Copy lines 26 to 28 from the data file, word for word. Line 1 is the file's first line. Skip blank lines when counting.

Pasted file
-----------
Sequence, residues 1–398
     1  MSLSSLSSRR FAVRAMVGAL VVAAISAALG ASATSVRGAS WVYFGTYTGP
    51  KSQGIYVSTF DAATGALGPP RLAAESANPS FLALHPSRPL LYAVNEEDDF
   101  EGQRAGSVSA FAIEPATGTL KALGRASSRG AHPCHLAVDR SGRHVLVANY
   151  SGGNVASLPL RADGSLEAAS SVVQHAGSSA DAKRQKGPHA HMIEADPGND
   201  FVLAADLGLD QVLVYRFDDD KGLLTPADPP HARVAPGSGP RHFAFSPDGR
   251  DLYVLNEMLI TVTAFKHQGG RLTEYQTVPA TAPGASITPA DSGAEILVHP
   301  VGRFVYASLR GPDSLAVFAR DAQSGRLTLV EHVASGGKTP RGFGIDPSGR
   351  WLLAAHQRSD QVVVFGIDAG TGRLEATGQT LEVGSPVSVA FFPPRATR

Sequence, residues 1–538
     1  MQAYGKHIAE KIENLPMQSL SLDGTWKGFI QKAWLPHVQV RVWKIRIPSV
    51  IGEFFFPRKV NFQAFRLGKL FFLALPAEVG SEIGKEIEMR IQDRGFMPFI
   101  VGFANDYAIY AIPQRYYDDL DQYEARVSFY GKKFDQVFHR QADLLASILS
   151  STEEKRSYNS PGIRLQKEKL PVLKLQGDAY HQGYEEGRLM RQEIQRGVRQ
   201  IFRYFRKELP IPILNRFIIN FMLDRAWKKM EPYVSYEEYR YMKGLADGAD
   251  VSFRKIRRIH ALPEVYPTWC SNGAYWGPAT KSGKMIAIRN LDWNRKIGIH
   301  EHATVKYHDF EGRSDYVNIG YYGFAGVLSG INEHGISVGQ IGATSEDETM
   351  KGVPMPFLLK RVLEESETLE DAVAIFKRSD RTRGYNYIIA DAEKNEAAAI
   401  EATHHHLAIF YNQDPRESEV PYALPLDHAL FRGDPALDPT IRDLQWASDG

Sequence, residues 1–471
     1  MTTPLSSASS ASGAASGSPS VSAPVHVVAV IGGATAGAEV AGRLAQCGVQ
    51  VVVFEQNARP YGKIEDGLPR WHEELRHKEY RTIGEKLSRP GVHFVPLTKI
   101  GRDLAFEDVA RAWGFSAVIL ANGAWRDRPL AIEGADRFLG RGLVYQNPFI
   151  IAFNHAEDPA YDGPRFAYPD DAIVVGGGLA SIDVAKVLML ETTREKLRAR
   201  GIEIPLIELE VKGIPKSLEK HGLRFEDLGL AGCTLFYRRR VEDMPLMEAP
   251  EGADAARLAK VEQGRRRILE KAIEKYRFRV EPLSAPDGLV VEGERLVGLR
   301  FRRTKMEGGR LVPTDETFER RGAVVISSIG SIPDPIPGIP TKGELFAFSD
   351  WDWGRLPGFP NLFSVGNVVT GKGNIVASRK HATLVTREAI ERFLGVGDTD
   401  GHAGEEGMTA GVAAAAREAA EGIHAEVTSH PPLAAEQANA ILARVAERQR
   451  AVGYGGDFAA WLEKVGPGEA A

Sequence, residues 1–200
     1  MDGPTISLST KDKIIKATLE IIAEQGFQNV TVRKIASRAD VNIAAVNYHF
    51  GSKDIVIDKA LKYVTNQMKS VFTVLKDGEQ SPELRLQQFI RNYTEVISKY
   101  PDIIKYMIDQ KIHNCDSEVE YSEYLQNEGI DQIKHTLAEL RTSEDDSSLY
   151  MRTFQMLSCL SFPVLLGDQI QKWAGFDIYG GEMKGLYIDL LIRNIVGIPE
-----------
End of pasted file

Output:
   251  EGADAARLAK VEQGRRRILE KAIEKYRFRV EPLSAPDGLV VEGERLVGLR
   301  FRRTKMEGGR LVPTDETFER RGAVVISSIG SIPDPIPGIP TKGELFAFSD
   351  WDWGRLPGFP NLFSVGNVVT GKGNIVASRK HATLVTREAI ERFLGVGDTD